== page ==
Dogs are colour blind finds study
Our canine companions are colourblind and can not distinguish between red and green, scientists say
Dog lovers, take note! Your canine companions are colourblind and can not distinguish between red and green, scientists say. Previous research has shown that dogs have poor vision, and are up to eight times worse than humans at seeing things in detail.
Scientists at Univesity of Bari in Italy developed a test for dogs and found that they struggle to tell red and green
apart, much like colour blind humans. In the wild, dogs are most active in dawn or dusk, for which colour vision is not needed. However, pets dogs are awake mostly in the daytime, for which their eyes have not yet evolved.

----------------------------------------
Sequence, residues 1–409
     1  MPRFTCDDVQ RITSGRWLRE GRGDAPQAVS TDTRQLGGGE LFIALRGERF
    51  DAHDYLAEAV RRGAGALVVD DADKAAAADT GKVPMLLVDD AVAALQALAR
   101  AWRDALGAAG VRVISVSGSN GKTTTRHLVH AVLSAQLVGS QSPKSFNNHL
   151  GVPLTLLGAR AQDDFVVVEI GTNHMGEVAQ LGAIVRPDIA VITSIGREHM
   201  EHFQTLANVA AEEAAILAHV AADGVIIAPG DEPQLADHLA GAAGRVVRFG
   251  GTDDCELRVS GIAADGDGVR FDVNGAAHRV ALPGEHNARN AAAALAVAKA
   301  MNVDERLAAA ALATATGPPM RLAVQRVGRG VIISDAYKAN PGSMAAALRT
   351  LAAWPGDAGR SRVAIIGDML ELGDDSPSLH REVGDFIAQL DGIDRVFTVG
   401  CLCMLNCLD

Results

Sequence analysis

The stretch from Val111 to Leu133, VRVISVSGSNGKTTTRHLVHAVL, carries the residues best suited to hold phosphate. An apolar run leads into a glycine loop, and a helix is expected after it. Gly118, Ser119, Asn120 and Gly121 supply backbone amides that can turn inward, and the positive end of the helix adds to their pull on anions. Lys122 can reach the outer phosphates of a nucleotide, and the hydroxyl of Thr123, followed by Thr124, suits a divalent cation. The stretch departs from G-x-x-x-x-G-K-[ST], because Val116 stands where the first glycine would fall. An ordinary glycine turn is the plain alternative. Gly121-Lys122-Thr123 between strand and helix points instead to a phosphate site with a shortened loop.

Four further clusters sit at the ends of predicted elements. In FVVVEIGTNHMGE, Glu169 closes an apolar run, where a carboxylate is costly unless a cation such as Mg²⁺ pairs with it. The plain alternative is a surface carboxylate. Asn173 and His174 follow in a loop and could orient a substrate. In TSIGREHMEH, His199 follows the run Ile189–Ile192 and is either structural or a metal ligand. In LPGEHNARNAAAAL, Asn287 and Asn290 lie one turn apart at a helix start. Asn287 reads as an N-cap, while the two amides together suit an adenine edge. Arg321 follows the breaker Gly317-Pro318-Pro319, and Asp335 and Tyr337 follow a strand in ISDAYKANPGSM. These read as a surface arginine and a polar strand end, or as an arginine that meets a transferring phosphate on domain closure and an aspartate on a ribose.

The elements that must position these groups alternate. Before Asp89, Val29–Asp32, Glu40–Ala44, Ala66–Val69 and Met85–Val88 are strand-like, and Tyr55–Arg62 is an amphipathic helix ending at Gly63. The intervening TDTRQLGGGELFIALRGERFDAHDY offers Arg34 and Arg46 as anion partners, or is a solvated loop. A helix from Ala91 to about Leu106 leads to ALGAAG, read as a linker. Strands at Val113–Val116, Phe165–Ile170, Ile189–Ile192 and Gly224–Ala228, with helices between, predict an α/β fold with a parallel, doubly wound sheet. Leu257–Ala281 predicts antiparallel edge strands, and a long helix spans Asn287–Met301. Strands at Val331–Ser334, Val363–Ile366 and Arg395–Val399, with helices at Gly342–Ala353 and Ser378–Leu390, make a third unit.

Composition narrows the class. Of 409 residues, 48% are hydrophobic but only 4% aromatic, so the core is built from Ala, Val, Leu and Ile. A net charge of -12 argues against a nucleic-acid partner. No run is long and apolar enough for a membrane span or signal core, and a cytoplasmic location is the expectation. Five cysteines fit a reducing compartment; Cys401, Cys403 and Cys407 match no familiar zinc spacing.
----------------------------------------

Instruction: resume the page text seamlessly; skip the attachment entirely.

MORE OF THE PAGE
Marcello Siniscalchi from the Univesity of Bari said that dog trainers may want to avoid red clothing if working on
grass, because animals will struggle to see their movements. "If at the park you want to get your dog to catch a flying Frisbee or to bring back a ball falling on the green grass it would be better if you thought of using blue instead of red toys," Siniscalchi was quoted as saying by 'The Telegraph'.
Researchers using a modified test of colour vision in humans where numbers are hidden in a circle of red and green dots.
People who are red-green colourblind cannot see the numbers. For the dog test, researchers developed a similar experiment, but used the image of cat instead of numbers. "It would be reasonable to hypothesise that dogs also have difficulty in discriminating between brown and orange but we have not directly tested these colour shades," Siniscalchi said.